Put the weight on the heel of your hand and higher.
I actually learned this from a personal trainer. He had me doing dumbbell curls and when the weight got higher, my wrists hurt all the time. So he asked me to instead of grabbing the weight, 'balance' it on the heel of my hand and hold it there with my fingertips (applies to hand facing up). It took a while to get used to, and the pain went away slowly, but this worked.
Fast forward to carrying kids all the time. While it really helps to be able to carry them longer if I've been keeping up my weight routines (whoever says bicep work is vanity was never a parent), and the same holds true.
Obviously you would never 'balance' your child on your palm. But when picking my children up, I have to 'choke up' towards the thumb, have my hands/forearms more perpendicular than parallel to the ground, and supinate my hands a bit to try to present the heel of the hand (and palm) to the child's armpits instead of the crevase of the thumb/forefinger. This requires bending down with my knees (OK now you have to keep your squat regimen up at the gym too) and getting closer to the child, all to relieve my wrists (when they are flaring up).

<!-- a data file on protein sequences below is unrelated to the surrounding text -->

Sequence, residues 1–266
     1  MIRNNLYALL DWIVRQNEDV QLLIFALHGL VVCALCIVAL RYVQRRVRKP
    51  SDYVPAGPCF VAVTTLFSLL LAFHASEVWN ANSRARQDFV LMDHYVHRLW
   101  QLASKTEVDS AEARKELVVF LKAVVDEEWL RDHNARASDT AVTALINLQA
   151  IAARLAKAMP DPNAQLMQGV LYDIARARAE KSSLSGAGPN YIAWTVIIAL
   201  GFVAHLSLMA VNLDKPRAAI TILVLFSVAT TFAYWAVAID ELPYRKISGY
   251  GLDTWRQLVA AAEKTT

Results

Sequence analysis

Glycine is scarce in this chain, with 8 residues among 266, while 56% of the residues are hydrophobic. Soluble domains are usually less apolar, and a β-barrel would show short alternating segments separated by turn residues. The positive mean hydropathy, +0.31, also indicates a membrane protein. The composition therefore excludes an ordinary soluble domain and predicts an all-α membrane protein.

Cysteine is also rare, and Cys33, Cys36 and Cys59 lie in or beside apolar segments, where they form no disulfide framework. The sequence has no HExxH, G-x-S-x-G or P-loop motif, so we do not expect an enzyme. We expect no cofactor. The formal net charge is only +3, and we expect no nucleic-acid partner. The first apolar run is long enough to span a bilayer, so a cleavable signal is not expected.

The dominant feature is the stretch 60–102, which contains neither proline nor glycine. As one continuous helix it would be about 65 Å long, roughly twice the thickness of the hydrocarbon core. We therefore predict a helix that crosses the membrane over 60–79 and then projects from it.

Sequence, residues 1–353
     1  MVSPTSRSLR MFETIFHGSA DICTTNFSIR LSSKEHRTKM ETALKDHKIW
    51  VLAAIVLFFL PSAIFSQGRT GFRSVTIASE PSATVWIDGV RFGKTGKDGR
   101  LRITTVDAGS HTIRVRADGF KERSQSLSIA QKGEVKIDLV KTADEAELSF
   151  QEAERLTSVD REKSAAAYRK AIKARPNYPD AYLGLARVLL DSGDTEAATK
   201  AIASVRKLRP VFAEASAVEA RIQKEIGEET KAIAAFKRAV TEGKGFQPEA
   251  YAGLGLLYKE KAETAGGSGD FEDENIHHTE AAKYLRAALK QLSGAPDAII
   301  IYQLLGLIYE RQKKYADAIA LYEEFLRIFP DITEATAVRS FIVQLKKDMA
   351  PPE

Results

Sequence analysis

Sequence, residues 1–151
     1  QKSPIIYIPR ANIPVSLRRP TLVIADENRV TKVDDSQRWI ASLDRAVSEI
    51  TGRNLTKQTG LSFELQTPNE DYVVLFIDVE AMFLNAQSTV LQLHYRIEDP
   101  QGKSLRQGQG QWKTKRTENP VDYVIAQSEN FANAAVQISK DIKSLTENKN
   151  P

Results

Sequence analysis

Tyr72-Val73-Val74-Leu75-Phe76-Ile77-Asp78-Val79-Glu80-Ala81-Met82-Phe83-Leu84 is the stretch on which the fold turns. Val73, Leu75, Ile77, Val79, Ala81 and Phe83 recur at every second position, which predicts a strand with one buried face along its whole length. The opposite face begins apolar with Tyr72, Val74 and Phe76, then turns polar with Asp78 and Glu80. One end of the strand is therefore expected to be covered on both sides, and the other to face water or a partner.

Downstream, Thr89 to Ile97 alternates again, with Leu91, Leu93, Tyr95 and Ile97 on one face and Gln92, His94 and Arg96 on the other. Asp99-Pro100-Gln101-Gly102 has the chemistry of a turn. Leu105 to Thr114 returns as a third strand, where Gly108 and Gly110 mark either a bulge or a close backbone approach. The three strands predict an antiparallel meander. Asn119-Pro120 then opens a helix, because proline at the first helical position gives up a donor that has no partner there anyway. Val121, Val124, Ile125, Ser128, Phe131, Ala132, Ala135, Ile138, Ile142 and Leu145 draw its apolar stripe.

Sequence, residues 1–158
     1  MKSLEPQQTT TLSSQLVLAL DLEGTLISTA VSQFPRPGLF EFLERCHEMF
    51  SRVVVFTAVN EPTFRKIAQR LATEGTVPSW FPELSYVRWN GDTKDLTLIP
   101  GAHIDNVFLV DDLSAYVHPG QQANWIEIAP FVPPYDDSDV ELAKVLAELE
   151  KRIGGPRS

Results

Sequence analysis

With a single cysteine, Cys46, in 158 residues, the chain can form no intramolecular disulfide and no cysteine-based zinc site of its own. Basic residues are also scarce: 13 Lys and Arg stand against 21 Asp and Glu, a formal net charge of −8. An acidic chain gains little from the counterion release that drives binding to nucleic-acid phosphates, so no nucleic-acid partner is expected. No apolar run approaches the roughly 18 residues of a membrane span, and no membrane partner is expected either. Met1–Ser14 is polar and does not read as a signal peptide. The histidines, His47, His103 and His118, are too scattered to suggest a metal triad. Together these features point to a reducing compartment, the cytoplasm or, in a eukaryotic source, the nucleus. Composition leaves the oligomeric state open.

Then when carrying the child, by default (if it's a toddler - assuming that as a baby would be less likely to stress your wrist), you want to have the 'far bun' of the child in the palm of your hand. Instead of doing that, put the hell of your hand just past the far bun, with both buns resting on your forearm. (feel like we're working at a hamburger joint here, huh?)
Then let your hand extend past the child, almost limp, holding it up next to the child's body so you don't catch it on things as you walk around, and hurt it - I've done that.
Basically, the child is just sitting higher up on your arm (and maybe wrist) and less on your hand. I've noticed that none of my kids like this as much. Of course they don't like being practically dropped when pain randomly shoots through my wrist, either.